Blood sugar monitoring at home with glucometer

Control of diabetes is contingent on numerous factors and behaviours. Self-monitoring of blood glucose or sugar (SMBG) is a key component of the treatment regimen. SMBG provides immediate information on a person’s blood sugar level and thus, could be an important guide for adjusting all factors that affect sugar level control on a timelier basis than A1C (which reflects blood glucose levels over a three-month period). To be useful, SMBG must be integrated into the diabetes self-management plan. While the benefits of SMBG have generally been demonstrated in people with type 1 diabetes, studies assessing the effects of SMBG in people with type 2 diabetes have not always reported consistent results. However, it is short term changes in blood glucose levels that lead to acute complications such as episodes of hypoglycaemia, hyperglycemia, or diabetic ketoacidosis; SMBG can be used to help prevent and minimize such complications. SMBG is most effective when it is a continual, integral part of the diabetes management process. It is evident that the value of SMBG is contingent on the accuracy of the blood glucose meters. These instruments may be affected by individual and environmental variables, including hematocrit, hypotension, hypoxia, hypertriglyceridemia, concomitant drugs, as well as temperature and humidity.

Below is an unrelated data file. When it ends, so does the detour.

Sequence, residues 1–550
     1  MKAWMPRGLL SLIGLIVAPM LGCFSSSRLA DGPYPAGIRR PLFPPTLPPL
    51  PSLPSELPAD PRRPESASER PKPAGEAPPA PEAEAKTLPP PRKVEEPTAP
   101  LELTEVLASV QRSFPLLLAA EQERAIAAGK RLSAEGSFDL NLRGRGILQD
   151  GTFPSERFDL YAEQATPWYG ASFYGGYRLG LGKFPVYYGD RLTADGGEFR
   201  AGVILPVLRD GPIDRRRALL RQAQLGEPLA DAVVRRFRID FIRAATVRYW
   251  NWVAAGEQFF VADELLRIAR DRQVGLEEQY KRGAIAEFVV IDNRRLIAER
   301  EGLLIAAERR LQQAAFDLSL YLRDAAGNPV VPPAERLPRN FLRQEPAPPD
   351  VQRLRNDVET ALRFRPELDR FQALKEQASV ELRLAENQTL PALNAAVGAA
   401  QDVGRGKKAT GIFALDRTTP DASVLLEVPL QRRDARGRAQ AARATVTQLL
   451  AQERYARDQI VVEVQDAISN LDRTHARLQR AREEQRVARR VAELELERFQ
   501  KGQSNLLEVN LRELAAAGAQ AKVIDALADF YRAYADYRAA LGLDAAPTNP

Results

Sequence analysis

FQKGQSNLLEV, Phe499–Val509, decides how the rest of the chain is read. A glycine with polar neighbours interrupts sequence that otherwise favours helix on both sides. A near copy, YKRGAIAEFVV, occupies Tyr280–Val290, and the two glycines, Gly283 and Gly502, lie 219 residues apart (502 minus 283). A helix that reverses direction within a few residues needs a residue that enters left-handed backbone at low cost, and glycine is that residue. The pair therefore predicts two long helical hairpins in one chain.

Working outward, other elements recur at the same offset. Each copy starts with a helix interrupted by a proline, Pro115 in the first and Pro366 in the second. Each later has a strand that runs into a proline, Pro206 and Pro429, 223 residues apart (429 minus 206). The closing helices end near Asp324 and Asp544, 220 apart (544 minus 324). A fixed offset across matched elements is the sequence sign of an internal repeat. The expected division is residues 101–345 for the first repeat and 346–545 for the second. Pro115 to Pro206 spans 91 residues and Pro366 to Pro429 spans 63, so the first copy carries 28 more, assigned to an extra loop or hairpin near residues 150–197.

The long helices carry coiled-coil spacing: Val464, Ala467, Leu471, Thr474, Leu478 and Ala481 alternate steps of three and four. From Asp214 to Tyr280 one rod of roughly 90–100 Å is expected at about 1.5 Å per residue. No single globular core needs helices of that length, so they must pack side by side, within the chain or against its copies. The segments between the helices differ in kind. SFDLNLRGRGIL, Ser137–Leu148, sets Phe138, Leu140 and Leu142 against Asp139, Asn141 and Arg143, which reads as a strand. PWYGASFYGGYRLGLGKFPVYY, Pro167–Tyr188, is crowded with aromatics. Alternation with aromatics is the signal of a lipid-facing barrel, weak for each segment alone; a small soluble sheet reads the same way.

Blood sugar targets

Most diabetes organizations have published blood glucose targets for people with diabetes. However, targets should be set individually for each person, using these guidelines as a general guide. In some circumstances more strict control may be required such as during pregnancy or in a women planning pregnancy. Also, there may be circumstances, when less strict control is desirable such as for an older medically compromised person, or a very young child.

ADA (American Diabetic Associations) targets for non-pregnant adults are:

Fasting and postprandial blood glucose levels show how patient is doing during that period of the day, while HbA1c shows average blood glucose level over the past two to three months.